Indiana State Bar Association

Indianapolis Bar Association

Evansville Bar Association

Allen County Bar Association

Indiana Lawyer on Facebook

facebook
ADVERTISEMENT
Subscribe to Indiana Lawyer
  1. I can understand a 10 yr suspension for drinking and driving and not following the rules,but don't you think the people who compleate their sentences and are trying to be good people of their community,and are on the right path should be able to obtain a drivers license to do as they please.We as a state should encourage good behavior instead of saying well you did all your time but we can't give you a license come on.When is a persons time served than cause from where I'm standing,its still a punishment,when u can't have the freedom to go where ever you want to in car,truck ,motorcycle,maybe their should be better programs for people instead of just throwing them away like daily trash,then expecting them to change because they we in jail or prison for x amount of yrs.Everyone should look around because we all pay each others bills,and keep each other in business..better knowledge equals better community equals better people...just my 2 cents

  2. I was wondering about the 6 million put aside for common attorney fees?does that mean that if you are a plaintiff your attorney fees will be partially covered?

  3. I expressed my thought in the title, long as it was. I am shocked that there is ever immunity from accountability for ANY Government agency. That appears to violate every principle in the US Constitution, which exists to limit Government power and to ensure Government accountability. I don't know how many cases of legitimate child abuse exist, but in the few cases in which I knew the people involved, in every example an anonymous caller used DCS as their personal weapon to strike at innocent people over trivial disagreements that had no connection with any facts. Given that the system is vulnerable to abuse, and given the extreme harm any action by DCS causes to families, I would assume any degree of failure to comply with the smallest infraction of personal rights would result in mandatory review. Even one day of parent-child separation in the absence of reasonable cause for a felony arrest should result in severe penalties to those involved in the action. It appears to me, that like all bureaucracies, DCS is prone to interpret every case as legitimate. This is not an accusation against DCS. It is a statement about the nature of bureaucracies, and the need for ADDED scrutiny of all bureaucratic actions. Frankly, I question the constitutionality of bureaucracies in general, because their power is delegated, and therefore unaccountable. No Government action can be unaccountable if we want to avoid its eventual degeneration into irrelevance and lawlessness, and the law of the jungle. Our Constitution is the source of all Government power, and it is the contract that legitimizes all Government power. To the extent that its various protections against intrusion are set aside, so is the power afforded by that contract. Eventually overstepping the limits of power eliminates that power, as a law of nature. Even total tyranny eventually crumbles to nothing.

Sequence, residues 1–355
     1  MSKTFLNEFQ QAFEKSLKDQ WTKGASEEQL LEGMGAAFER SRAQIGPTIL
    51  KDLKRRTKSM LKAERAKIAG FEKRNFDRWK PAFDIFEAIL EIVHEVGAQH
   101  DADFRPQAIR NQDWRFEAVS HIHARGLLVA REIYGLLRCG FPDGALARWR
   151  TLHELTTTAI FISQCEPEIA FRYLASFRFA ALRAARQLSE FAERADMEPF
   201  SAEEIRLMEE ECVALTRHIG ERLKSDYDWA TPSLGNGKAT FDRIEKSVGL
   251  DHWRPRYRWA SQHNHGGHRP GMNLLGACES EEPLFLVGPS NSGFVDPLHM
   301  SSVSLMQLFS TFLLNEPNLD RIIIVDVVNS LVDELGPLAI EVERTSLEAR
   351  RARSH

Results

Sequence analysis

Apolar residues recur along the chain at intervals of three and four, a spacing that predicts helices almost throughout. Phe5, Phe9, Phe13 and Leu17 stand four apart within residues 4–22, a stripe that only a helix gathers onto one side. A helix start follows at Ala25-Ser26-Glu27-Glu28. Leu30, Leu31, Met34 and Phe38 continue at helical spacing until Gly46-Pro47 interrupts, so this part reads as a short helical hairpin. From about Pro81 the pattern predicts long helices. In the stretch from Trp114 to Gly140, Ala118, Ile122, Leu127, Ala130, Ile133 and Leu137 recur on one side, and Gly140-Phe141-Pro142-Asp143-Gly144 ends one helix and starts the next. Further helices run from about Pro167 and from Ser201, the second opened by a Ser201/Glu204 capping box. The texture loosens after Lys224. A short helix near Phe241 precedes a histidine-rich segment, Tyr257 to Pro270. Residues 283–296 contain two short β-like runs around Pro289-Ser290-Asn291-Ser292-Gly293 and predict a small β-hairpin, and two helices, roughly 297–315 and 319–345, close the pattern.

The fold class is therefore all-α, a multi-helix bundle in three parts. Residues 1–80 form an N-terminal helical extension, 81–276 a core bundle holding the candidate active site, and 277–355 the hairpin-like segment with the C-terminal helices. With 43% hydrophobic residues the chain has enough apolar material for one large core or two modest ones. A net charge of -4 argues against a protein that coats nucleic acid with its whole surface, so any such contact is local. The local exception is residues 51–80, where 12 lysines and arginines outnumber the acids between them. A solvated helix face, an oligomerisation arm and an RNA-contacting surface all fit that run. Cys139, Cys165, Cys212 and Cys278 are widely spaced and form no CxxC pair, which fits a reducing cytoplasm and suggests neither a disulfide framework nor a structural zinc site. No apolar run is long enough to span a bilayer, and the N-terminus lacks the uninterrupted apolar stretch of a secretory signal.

4. Being dedicated to a genre keeps it alive until the masses catch up to the "trend." Kent and Bill are keepin' it LIVE!! Thank you gentlemen..you know your JAZZ.

  5. Hemp has very little THC which is needed to kill cancer cells! Growing cannabis plants for THC inside a hemp field will not work...where is the fear? From not really knowing about Cannabis and Hemp or just not listening to the people teaching you through testimonies and packets of info over the last few years! Wake up Hoosier law makers!

ADVERTISEMENT